Samsung S8500 Wave review: Hello, world!
There are two major sections in the main menu - Messaging and Email. The Samsung S8500 Wave supports sending and receiving SMS, MMS, and email messages. SMS and MMS share the same editor.
It offers folder (tabbed) view and conversation. The first one shows all your folders as tab at the bottom, while the conversation groups you messages by sender.
Swiping on a message header will do exactly the same as in the phonebook – a left swipe starts a new message, while swiping to the right will start a call.
When it comes to email, setting yours on the Samsung Wave is hassle-free. For a Gmail account for example, all we had to do was fill in the account and password fields - the connection settings were retrieved automatically.
In case you have to setup your email account manually, there is a host of settings that you can tweak. Both POP3 and IMAP4 protocols are supported and you can set the handset to auto retrieve new mail at a preset interval with a dedicated setting for roaming. The email client supports SSL encryption too.
The email client looks exactly the same as the messaging one – it uses the folder (tabbed) view.
Multiple accounts are also supported and you can switch among them any time. Unfortunately there is no shared inbox for all your emails.
Maximum attachment size for both outgoing and incoming mail is 5 MB.
Text input package offers handwriting recognition
Capacitive touchscreens usually won't give you handwriting recognition but the S8500 Wave is among the few exceptions. It certainly doesn't have the largest screen possible but handwriting recognition is there. As expected, you can hardly draw more than one character at a time but that's still something!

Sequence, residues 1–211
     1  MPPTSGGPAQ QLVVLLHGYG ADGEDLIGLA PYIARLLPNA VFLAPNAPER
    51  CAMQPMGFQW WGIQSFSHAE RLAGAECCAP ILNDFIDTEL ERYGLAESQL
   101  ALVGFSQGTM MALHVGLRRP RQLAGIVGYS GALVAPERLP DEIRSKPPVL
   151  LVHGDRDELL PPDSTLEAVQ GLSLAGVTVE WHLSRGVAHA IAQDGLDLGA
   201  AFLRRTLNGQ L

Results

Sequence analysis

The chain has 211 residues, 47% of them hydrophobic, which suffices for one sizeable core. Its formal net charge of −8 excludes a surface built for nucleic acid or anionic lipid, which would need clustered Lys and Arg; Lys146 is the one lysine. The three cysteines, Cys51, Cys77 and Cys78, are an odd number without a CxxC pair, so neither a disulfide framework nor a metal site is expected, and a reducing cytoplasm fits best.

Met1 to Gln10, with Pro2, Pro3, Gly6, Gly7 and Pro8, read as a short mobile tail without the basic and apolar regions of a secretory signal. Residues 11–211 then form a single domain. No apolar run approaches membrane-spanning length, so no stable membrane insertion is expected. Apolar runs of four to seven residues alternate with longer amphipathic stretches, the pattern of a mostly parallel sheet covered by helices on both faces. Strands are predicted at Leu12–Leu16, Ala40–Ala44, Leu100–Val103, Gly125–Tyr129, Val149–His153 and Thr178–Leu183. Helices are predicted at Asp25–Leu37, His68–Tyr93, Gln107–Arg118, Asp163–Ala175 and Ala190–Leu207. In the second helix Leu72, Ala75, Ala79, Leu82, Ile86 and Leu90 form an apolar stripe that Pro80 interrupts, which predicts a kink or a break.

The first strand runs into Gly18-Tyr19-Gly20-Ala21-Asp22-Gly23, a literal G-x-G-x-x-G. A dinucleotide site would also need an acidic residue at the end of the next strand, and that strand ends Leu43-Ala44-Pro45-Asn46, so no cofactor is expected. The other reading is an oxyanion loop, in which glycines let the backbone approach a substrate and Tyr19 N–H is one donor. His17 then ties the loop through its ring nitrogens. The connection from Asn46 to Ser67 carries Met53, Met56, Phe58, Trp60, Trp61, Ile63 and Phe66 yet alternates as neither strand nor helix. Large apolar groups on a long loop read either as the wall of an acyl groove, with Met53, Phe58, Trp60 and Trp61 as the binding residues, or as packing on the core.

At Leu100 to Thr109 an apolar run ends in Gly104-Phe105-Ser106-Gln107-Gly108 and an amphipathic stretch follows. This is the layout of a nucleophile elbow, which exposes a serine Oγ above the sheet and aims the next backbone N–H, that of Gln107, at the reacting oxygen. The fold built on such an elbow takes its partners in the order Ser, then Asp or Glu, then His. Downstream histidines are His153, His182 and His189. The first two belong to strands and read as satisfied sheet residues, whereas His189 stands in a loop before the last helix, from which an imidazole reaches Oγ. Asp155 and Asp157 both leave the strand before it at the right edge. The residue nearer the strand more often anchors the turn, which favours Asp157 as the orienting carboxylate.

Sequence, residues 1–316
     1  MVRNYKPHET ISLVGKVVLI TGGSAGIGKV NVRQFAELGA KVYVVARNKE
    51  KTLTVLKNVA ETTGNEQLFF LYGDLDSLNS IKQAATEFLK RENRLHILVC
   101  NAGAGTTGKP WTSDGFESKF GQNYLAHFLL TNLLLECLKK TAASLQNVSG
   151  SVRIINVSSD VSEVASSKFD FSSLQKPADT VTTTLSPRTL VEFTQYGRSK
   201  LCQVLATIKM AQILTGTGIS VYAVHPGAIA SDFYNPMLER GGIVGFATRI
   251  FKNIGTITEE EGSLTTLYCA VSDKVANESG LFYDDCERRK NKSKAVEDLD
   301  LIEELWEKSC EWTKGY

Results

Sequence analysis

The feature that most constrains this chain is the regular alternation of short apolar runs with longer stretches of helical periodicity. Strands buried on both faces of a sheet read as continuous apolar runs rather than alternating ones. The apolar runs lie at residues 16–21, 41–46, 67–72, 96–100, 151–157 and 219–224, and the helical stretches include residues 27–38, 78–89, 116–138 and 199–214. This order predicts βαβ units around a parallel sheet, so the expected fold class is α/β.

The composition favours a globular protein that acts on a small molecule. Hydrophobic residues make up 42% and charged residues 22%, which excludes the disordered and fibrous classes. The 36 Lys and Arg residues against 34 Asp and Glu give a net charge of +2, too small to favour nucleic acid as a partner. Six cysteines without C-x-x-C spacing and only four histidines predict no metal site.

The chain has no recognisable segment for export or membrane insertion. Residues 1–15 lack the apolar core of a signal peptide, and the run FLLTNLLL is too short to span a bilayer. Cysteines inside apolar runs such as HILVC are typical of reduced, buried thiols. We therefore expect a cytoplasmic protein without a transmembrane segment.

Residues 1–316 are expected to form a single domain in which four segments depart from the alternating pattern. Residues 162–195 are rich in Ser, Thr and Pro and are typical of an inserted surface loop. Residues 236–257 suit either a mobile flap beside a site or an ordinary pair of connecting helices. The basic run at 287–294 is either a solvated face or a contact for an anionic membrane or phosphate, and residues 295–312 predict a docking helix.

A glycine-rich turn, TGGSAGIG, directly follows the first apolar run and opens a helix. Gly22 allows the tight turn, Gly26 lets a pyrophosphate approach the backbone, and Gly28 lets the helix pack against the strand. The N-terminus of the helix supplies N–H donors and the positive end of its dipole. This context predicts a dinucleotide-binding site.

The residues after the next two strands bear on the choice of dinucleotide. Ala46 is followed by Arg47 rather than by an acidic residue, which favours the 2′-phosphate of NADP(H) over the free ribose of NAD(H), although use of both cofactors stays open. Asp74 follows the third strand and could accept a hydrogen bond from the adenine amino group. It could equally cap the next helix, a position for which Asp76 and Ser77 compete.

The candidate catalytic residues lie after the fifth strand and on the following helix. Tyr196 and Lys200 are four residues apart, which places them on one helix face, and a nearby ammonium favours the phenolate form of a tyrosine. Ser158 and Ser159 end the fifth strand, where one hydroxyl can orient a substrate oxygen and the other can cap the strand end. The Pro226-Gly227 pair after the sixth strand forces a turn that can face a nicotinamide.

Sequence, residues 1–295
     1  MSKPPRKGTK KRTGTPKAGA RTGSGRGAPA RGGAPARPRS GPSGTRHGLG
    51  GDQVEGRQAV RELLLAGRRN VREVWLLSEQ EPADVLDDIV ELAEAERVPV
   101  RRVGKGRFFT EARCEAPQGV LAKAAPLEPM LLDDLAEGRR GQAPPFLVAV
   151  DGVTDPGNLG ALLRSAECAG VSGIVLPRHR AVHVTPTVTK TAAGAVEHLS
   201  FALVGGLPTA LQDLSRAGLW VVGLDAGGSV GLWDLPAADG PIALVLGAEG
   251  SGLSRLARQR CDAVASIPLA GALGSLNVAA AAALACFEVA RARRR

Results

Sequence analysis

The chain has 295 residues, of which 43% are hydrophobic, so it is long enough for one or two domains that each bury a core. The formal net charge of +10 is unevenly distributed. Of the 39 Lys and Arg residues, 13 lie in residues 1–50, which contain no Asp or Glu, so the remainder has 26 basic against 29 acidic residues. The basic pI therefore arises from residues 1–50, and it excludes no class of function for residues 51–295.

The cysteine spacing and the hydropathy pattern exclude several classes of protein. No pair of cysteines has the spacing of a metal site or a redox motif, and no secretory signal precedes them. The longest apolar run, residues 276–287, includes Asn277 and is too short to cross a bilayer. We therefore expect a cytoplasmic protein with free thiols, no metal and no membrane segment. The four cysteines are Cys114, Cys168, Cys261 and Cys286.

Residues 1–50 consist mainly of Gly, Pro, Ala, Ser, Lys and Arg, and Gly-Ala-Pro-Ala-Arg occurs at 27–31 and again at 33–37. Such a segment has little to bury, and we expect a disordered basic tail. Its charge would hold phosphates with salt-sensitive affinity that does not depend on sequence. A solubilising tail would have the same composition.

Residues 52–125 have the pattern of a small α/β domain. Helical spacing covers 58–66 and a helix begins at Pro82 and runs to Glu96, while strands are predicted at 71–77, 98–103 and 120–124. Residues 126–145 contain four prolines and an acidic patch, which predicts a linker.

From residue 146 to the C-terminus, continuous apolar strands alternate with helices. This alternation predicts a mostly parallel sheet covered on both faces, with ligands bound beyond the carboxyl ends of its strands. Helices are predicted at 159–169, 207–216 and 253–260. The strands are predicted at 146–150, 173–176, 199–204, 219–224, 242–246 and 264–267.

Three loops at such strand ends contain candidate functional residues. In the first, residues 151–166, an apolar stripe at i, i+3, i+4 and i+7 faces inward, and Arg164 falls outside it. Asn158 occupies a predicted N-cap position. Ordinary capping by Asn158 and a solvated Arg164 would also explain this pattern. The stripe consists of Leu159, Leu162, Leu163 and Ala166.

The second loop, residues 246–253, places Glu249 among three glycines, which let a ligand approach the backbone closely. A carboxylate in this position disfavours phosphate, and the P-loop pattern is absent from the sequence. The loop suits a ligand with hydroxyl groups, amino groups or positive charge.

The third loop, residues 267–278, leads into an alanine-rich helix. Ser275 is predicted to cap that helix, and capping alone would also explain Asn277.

If you prefer typing to drawing, go for the on-screen keyboards. You get two options - a portrait numpad and a landscape full-QWERTY keyboard. Given the not so big screen, the QWERTY keyboard is not the most comfortable. The keys could've been a bit bigger and better arranged - after all, the messages you compose don't need that much space.
The gallery or Media Browser, as Samsung call it, is basic - all images and clips are displayed all at once as small thumbs. When you select a file you can see it in either portrait or landscape mode.
The gallery supports finger scrolling or panning so you can skip images without having to return to the default view. Just swipe to the left or right when viewing a photo in fullscreen mode and the previous/next image will appear.
The pinch zooming is also available here thanks to the Samsung S8500 Wave multi-touch support but you can also double tap on the screen to zoom in and out.